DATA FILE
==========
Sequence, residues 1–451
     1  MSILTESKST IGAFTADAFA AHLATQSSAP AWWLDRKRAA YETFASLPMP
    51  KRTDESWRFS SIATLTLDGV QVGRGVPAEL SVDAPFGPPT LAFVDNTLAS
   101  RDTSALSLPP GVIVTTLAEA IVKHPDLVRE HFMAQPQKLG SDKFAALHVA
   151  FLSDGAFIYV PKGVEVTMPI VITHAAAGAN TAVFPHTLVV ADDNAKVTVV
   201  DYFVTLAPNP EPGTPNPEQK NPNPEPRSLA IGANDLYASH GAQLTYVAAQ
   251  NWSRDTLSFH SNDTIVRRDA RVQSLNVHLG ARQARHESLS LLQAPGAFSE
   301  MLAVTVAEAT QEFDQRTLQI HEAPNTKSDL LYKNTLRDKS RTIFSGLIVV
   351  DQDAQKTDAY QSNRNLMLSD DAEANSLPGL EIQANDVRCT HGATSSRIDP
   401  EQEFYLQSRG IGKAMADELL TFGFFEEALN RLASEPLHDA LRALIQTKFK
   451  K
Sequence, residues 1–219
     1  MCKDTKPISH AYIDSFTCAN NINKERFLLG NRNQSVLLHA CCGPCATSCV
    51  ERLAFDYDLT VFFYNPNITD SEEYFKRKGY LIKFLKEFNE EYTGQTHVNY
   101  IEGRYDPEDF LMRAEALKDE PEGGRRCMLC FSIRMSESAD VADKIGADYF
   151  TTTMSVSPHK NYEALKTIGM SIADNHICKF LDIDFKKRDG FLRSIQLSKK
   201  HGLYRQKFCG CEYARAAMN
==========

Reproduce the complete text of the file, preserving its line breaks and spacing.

Sequence, residues 1–451
     1  MSILTESKST IGAFTADAFA AHLATQSSAP AWWLDRKRAA YETFASLPMP
    51  KRTDESWRFS SIATLTLDGV QVGRGVPAEL SVDAPFGPPT LAFVDNTLAS
   101  RDTSALSLPP GVIVTTLAEA IVKHPDLVRE HFMAQPQKLG SDKFAALHVA
   151  FLSDGAFIYV PKGVEVTMPI VITHAAAGAN TAVFPHTLVV ADDNAKVTVV
   201  DYFVTLAPNP EPGTPNPEQK NPNPEPRSLA IGANDLYASH GAQLTYVAAQ
   251  NWSRDTLSFH SNDTIVRRDA RVQSLNVHLG ARQARHESLS LLQAPGAFSE
   301  MLAVTVAEAT QEFDQRTLQI HEAPNTKSDL LYKNTLRDKS RTIFSGLIVV
   351  DQDAQKTDAY QSNRNLMLSD DAEANSLPGL EIQANDVRCT HGATSSRIDP
   401  EQEFYLQSRG IGKAMADELL TFGFFEEALN RLASEPLHDA LRALIQTKFK
   451  K
Sequence, residues 1–219
     1  MCKDTKPISH AYIDSFTCAN NINKERFLLG NRNQSVLLHA CCGPCATSCV
    51  ERLAFDYDLT VFFYNPNITD SEEYFKRKGY LIKFLKEFNE EYTGQTHVNY
   101  IEGRYDPEDF LMRAEALKDE PEGGRRCMLC FSIRMSESAD VADKIGADYF
   151  TTTMSVSPHK NYEALKTIGM SIADNHICKF LDIDFKKRDG FLRSIQLSKK
   201  HGLYRQKFCG CEYARAAMN